The Backpack: Dispelling Myths and Finding the Right Fit

At the start of a new school year, every so often I hear a rumor begin to circulate that a heavy, ill-fitting backpack can cause scoliosis. Scoliosis can be described as a condition in which there is a horizontal curvature of the spine, typically occurring during a child’s growth spurt just before puberty. While the cause of most scoliosis cases is unknown, it is generally agreed upon by physicians that the backpack is not a likely culprit.

Now that we’ve put that rumor to rest, there are still many reasons a well-fitting backpack is important. A poor-fitting, ill-constructed, overloaded backpack can cause unnecessary stress and vertical pressure on the shoulders and back taxing core muscles and bowing out the spine, which, in addition to being uncomfortable, can be harmful. Choosing the right backpack may not seem like a difficult task until you hit the store or on-line retailer of your choice and find yourself faced with every size, shape, style, and color imaginable. So what makes for a good fit?

Safe Backpacks for Children

To start, the size of the backpack should be no larger than your child’s actual back- roughly from the outer edges of the shoulder blades for the width and from shoulder line to a few inches below the waistline for the height. Selecting the right size will assist in making sure the weight of the bag is distributed evenly throughout and ensure the straps hit in just the right spot (about half way between the neck and the shoulder joint).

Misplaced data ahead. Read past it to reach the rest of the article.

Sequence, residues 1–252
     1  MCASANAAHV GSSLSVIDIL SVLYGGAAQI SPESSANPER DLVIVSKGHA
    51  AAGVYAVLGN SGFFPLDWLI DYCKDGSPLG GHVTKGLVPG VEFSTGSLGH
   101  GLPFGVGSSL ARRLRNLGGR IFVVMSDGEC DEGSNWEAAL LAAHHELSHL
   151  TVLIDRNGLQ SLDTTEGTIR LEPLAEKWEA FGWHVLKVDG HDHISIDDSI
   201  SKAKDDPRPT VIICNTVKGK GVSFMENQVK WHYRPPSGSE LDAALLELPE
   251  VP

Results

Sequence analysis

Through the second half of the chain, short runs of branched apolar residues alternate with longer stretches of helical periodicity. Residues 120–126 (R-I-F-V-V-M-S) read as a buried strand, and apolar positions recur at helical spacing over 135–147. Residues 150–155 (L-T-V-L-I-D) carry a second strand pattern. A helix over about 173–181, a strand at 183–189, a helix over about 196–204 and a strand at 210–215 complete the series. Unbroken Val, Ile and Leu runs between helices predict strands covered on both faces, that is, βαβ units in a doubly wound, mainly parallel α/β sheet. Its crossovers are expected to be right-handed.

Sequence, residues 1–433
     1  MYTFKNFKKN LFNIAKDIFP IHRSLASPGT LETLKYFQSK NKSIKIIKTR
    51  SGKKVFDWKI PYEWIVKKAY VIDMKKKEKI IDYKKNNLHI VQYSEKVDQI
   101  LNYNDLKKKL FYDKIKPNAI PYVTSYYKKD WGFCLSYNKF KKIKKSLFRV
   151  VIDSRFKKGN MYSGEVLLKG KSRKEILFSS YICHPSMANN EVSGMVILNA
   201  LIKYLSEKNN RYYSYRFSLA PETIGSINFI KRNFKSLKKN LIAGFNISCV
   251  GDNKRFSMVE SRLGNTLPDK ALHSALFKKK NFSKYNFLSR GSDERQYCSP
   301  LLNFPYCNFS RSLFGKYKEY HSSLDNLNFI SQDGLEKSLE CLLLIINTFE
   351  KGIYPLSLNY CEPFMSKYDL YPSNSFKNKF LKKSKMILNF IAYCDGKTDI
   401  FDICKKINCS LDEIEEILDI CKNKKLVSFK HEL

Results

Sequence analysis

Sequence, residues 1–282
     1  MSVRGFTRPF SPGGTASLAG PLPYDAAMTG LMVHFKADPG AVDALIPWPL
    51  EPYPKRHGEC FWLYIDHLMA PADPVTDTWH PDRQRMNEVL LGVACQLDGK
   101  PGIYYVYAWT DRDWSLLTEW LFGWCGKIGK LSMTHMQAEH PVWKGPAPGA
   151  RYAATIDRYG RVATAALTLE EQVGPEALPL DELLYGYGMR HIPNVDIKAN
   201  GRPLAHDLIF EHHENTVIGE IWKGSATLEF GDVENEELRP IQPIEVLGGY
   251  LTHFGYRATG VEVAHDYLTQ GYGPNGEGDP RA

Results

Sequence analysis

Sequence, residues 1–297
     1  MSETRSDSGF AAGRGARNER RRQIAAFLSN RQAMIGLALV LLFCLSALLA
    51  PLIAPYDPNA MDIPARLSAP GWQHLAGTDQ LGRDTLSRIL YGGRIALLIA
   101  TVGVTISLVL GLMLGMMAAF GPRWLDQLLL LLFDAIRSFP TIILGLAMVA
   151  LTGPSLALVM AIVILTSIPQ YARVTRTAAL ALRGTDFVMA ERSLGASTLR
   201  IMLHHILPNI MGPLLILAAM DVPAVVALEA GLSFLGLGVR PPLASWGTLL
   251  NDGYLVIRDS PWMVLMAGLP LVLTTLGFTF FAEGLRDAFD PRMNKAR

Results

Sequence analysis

Second, and speaking of straps, you want to choose a bag with two, well-padded straps. When wearing, make sure the straps are nice and tight. This will protect the shoulders and again help to distribute the weight evenly. One-shoulder, or messenger style, bags may look studious but unless your child is packing lightly I wouldn’t recommend them. To the coffee shop with a light laptop perhaps, but not from the house to the school locker hauling every text book imaginable … for that I’d stick with the standard two straps for sure. Finally, try to find a backpack with a padded back panel to cushion the spine. Furthermore, you may also want to find one with a waist strap to further secure the bag keeping it and it’s contents from bumping and jostling around. You may get a not-so-enthusiastic look from your pre-teen, but I’ll let you handle any ensuing style disagreements.

If you start to notice your child complaining of back pain, numbness, or tingling in their arms, there may be an issue. Try repacking the bag, putting the heaviest objects low and in the center, and encourage them to take only what they need for the day. Leave the bowling ball collection at home.

If the fit is correct but it’s a struggle to pick up or they appear to be to be one soft breeze away from toppling over backward, it still might just be too heavy, even without the bowling balls. In this case, you may want to consider a rolling bag in lieu a traditional backpack. They’ll be prepared for school and their next trip to the airport. It’s a win-win.

If you’d like more information, or to schedule an appointment with Dr. Beth Dollinger, click here to find her contact information listed in our provider directory.

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